In parting shot, Trump administration accuses China of 'genocide' against Uighurs
The Trump administration has determined that China has committed "genocide and crimes against humanity" by repressing Uighur Muslims in its Xinjiang region, US Secretary of State Mike Pompeo said on Tuesday, in an embarrassing blow to Beijing just before President-elect Joe Biden takes office.
Pompeo said he made the move, which is certain to further strain already frayed ties between the world's top economies, "after careful examination of the available facts," accusing the Chinese Communist Party of crimes against humanity targeting the Uighurs.
"I believe this genocide is ongoing, and that we are witnessing the systematic attempt to destroy Uighurs by the Chinese party-state," Pompeo said in a statement.
I have determined that the People’s Republic of China is committing genocide and crimes against humanity in Xinjiang, China, targeting Uyghur Muslims and members of other ethnic and religious minority groups.— Secretary Pompeo (@SecPompeo) January 19, 2021
China has been widely condemned for its complexes in Xinjiang, which it describes as "vocational training centres" to stamp out extremism. It denies accusations of abuse.
The rare American determination follows intensive internal debate after Congress passed legislation on December 27 requiring the US administration to determine within 90 days whether China had committed crimes against humanity or a genocide.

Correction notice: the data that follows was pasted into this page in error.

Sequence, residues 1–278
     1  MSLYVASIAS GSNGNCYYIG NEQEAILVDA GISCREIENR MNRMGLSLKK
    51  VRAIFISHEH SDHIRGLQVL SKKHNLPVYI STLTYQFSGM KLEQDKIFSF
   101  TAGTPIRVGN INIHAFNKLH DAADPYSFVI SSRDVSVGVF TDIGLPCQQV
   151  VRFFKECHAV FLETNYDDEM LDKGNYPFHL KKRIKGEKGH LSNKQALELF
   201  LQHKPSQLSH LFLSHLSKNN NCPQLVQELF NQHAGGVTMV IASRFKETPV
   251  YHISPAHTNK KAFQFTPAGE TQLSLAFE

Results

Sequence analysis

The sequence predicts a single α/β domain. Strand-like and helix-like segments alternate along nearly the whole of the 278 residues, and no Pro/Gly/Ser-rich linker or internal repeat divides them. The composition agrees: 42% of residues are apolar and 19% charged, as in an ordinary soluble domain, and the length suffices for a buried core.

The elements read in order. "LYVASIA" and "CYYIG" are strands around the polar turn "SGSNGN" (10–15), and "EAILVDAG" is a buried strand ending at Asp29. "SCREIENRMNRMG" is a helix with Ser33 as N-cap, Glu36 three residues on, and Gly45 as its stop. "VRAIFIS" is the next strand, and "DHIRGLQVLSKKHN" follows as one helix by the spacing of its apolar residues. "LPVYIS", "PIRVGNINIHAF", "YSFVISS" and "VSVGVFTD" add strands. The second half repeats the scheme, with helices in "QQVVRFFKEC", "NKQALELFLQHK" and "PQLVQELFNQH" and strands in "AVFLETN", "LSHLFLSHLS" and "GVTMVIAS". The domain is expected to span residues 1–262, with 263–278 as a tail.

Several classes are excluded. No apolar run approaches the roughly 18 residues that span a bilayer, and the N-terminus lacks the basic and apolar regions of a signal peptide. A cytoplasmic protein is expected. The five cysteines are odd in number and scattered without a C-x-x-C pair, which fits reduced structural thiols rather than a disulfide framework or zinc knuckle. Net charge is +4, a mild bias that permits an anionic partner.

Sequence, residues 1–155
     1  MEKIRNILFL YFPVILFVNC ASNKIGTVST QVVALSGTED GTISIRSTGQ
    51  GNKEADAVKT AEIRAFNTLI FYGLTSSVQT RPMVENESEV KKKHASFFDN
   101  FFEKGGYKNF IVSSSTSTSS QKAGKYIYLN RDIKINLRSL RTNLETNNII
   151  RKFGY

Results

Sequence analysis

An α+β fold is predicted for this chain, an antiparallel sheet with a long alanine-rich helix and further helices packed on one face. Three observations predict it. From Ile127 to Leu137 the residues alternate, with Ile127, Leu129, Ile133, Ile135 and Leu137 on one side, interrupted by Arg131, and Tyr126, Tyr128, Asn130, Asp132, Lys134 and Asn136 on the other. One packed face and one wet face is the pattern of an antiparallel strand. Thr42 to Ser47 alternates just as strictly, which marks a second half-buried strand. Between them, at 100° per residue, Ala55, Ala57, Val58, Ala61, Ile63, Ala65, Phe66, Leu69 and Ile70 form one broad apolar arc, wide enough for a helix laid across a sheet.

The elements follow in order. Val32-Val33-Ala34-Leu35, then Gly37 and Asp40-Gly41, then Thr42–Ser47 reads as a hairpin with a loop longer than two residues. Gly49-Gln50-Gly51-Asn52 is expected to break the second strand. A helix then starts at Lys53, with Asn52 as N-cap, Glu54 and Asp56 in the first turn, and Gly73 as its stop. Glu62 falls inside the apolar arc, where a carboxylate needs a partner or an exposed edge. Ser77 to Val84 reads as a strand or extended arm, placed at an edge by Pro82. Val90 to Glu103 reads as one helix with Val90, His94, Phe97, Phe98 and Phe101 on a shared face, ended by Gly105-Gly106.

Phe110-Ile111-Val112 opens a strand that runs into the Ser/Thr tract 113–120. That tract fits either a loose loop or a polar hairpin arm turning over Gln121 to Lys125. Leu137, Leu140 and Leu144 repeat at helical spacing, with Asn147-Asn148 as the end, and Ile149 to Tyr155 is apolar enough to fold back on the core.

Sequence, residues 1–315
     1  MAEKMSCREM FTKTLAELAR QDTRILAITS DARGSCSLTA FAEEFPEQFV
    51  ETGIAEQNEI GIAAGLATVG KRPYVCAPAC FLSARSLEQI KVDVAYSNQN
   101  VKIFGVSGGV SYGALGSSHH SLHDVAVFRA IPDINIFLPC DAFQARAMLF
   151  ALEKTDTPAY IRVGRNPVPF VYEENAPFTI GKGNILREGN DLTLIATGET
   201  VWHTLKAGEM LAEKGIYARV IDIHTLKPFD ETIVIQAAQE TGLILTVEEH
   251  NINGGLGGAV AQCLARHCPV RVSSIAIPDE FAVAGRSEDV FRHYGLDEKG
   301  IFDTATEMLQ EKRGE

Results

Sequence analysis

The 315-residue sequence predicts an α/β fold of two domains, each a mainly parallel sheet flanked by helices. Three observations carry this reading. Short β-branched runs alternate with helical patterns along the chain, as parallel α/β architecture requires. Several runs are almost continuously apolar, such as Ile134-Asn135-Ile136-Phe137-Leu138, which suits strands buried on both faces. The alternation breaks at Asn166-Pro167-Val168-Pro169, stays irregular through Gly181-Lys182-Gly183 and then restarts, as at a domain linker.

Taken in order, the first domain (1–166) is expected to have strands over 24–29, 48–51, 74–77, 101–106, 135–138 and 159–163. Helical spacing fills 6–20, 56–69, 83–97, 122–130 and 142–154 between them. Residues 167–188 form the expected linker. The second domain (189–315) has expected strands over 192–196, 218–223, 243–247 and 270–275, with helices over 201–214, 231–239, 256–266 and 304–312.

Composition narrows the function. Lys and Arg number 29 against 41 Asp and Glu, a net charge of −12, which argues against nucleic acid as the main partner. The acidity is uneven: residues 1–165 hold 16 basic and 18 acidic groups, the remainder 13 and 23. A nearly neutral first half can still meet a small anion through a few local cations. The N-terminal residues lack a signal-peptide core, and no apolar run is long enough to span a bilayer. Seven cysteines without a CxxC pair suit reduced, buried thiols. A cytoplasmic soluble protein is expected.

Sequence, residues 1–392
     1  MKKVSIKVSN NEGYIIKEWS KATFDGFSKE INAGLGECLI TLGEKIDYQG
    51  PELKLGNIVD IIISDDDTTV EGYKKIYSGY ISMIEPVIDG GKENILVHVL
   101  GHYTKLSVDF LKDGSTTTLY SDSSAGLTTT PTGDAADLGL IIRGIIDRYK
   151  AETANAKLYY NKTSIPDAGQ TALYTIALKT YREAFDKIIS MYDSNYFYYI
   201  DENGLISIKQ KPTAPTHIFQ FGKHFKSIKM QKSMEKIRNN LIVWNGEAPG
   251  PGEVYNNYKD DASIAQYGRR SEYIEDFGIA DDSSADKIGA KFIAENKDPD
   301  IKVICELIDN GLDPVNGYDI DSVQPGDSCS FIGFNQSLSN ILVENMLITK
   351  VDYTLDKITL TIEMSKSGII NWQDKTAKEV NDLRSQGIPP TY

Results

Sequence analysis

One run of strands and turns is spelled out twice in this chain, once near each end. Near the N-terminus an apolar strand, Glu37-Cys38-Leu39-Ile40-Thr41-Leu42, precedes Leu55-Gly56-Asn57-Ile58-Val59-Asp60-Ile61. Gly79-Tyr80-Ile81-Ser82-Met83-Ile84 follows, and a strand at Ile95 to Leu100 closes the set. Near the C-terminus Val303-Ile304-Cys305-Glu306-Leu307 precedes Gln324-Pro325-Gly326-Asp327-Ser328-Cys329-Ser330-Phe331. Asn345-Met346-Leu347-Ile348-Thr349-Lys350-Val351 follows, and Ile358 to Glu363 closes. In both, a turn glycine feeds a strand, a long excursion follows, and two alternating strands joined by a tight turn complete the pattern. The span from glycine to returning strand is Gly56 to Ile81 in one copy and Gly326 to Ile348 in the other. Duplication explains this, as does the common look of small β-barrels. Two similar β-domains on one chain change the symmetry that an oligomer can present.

US will keep up pressure, vows Pompeo
Pompeo's vociferous criticism of Beijing has been a hallmark of his tenure but he had earlier danced around directly alleging genocide, saying repeatedly that the treatment of Uighurs was reminiscent of Nazi Germany's policies.
He urged all international bodies including courts to take up cases over China's treatment of the Uighurs and voiced confidence that the US would keep raising pressure.
Rights groups believe that at least one million Uighurs and other Turkic-speaking Muslims are incarcerated in camps in the western region of Xinjiang.
Witnesses and activists say that China is seeking to forcibly integrate the Uighurs into the majority Han culture by eradicating Islamic customs, including by forcing Muslims to eat pork and drink alcohol, which are both forbidden by their faith.
China blasts ‘outrageous lies’
China denies wrongdoing and contends that its camps are vocational training centres meant to reduce the allure of Islamic extremism in the wake of attacks.
Responding to the US genocide declaration, China on Wednesday dismissed Washington's assessment as "outrageous lies" and "poison".
A genocide against the Uighur community had "never happened in the past, is not happening now and will never happen in China," said Chinese Foreign ministry spokeswoman Hua Chunying.
She also accused Pompeo of fabricating "sensational false propositions" throughout his term in office.
Blinken agrees with genocide declaration
Biden's nominee for secretary of state, Antony Blinken, told the Senate Foreign Relations Committee during a confirmation hearing on Tuesday he agreed with the genocide declaration.